World Cup 2007 April 28, 2007

Australia plan to attack Murali

Ricky Ponting wants wickets in hand during the middle stages of the final so they can attack Muttiah Muralitharan and the other Sri Lankan spinners.

"We can be a bit more aggressive and a bit more positive against them and try and put their slow-down sort of guys through the middle, put them under a bit pressure," he said in the Herald Sun.

Muralitharan told Brad Hogg during the week that batsmen can’t pick him. Robert Craddock says in The Australian Hogg’s wrong’un is close to being the World Cup’s most effective weapon. Craddock also profiles Tom Moody and looks at his stint coaching Sri Lanka.

In the Sydney Morning Herald Alex Brown writes how Australia-Sri Lanka clashes rate among the most spiteful match-ups in international cricket.

Simon Hughes, writing for Daily Telegraph, outlines the strategy Sri Lanka should adopt, suggesting that Muralitharan be introduced as soon as Ponting walks in.

Tim Lane says in The Age Australia are on the verge of domination not even achieved by West Indies.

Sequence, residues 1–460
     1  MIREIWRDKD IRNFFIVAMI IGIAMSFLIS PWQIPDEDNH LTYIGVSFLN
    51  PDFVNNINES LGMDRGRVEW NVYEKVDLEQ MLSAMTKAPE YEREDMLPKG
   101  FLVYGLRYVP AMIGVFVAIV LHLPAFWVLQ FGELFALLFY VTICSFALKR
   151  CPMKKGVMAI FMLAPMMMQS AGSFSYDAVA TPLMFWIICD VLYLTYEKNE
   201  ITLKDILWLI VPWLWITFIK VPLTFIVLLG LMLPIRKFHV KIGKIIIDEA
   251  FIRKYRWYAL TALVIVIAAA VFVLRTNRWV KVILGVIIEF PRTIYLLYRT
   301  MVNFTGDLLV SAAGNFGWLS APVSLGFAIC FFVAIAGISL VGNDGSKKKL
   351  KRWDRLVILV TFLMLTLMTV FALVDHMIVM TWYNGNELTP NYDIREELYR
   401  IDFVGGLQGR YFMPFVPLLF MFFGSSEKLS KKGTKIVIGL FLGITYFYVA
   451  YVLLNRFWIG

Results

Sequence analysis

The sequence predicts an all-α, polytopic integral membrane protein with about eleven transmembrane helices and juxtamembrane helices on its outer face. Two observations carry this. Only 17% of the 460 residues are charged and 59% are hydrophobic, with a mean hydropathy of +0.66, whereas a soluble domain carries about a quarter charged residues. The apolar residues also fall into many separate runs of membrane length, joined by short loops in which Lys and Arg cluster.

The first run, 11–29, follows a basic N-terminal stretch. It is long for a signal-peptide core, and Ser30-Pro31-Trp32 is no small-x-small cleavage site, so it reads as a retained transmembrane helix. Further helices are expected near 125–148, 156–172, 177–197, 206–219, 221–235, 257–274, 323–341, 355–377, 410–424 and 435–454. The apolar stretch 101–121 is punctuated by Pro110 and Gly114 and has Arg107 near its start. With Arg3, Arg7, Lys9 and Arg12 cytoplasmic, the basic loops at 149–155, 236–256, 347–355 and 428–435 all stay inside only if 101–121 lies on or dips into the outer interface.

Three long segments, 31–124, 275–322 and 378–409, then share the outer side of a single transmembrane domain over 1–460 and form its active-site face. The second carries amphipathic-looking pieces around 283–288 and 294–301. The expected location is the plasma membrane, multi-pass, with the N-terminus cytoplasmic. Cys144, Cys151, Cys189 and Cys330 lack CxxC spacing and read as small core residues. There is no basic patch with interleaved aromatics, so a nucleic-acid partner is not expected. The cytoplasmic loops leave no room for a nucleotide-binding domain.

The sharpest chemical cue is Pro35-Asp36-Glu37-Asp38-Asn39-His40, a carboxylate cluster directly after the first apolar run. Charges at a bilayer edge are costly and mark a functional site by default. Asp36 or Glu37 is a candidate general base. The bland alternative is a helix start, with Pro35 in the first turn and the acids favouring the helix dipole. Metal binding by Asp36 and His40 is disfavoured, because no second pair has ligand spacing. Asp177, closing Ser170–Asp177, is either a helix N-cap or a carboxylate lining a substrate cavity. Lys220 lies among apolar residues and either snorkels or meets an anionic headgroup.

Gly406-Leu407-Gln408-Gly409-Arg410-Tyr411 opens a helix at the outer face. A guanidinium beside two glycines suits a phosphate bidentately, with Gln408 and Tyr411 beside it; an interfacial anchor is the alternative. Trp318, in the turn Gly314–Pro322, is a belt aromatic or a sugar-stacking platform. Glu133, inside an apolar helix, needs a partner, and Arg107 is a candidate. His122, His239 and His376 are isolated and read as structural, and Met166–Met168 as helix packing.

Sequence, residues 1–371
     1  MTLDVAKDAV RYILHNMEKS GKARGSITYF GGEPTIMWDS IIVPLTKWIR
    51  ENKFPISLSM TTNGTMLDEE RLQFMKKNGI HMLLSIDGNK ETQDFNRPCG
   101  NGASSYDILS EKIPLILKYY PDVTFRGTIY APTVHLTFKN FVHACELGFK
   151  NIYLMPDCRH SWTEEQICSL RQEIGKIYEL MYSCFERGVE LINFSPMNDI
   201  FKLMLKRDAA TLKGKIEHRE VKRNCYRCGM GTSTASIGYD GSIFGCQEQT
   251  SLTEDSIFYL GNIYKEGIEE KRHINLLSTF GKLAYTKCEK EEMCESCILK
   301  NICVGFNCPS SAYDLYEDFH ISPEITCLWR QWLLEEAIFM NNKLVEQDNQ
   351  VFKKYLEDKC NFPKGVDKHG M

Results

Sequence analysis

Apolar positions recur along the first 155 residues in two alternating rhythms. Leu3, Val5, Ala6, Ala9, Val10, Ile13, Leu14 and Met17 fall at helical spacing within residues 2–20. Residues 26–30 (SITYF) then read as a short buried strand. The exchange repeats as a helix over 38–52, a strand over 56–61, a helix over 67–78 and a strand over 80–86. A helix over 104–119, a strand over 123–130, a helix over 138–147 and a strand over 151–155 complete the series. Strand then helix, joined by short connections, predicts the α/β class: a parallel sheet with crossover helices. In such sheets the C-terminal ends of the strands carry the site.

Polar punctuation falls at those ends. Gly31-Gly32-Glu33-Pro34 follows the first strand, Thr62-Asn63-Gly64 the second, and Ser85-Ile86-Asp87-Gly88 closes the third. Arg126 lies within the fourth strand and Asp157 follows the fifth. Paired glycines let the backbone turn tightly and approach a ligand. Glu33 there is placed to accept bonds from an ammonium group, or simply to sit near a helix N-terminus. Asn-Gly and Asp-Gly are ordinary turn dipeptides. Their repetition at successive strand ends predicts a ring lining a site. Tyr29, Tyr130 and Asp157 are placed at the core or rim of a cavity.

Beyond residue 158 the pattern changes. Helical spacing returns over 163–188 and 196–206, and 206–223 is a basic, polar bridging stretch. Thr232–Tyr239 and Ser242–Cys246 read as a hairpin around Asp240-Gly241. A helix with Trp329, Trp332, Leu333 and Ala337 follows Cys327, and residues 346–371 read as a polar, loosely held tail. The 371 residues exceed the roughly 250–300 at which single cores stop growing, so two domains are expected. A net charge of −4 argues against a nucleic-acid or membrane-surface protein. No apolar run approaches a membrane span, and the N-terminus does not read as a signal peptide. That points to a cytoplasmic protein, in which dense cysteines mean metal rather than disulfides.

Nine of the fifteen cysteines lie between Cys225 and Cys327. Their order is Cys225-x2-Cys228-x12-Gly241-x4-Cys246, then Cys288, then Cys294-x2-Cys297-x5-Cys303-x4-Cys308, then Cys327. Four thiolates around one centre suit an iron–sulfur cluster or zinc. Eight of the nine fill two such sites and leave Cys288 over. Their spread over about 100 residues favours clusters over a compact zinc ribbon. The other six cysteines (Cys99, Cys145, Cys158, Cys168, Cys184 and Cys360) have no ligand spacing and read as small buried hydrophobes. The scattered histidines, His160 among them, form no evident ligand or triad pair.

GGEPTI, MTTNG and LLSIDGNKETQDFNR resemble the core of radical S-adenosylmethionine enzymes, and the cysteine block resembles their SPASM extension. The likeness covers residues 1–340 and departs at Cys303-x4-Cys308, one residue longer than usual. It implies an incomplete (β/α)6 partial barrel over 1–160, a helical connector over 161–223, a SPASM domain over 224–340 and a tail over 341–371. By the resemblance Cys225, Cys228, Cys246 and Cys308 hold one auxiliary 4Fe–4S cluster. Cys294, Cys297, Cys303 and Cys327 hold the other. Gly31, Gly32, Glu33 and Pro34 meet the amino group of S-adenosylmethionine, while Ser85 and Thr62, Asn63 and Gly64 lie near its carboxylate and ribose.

Michael Clarke tells AAP facing Shaun Tait in the nets will help the Australian batsmen deal with the threat of Lasith Malinga.

Viv Richards tells Tait not to change a thing, Jon Pierik reports in The Australian.

"Tait has been reasonably erratic, but when you have an individual of that pace he is going to cause some havoc, as the South Africans found out," Richards said. "I would never, ever change the sort of action he has."

It’s Glenn McGrath’s last game of his record-breaking career and his column appears in The Hindu.

"The other record I am keen on holding on to - playing the fewest number of balls despite playing four World Cups. I have only faced four balls in World Cup cricket."

Jenny McAsey, writing in The Australian, looks back at Australia’s first World Cup triumph in 1987.

Showers are forecast for the final, according to Reuters.

Breeda Jayasuriya, mother of Sanath Jayasuriya, talks of his remarkable comeback after he retired last year from one-day internationals, in an interview to the Daily News.

Patrick Kidd, writing for The Times, pulls out some interesting figures since the 'long-drawn yawn' began 47 days ago.

Wars have been declared and ended in less time than it has taken to stage the 50 matches before today’s final

Peter English is former Australasia editor of ESPNcricinfo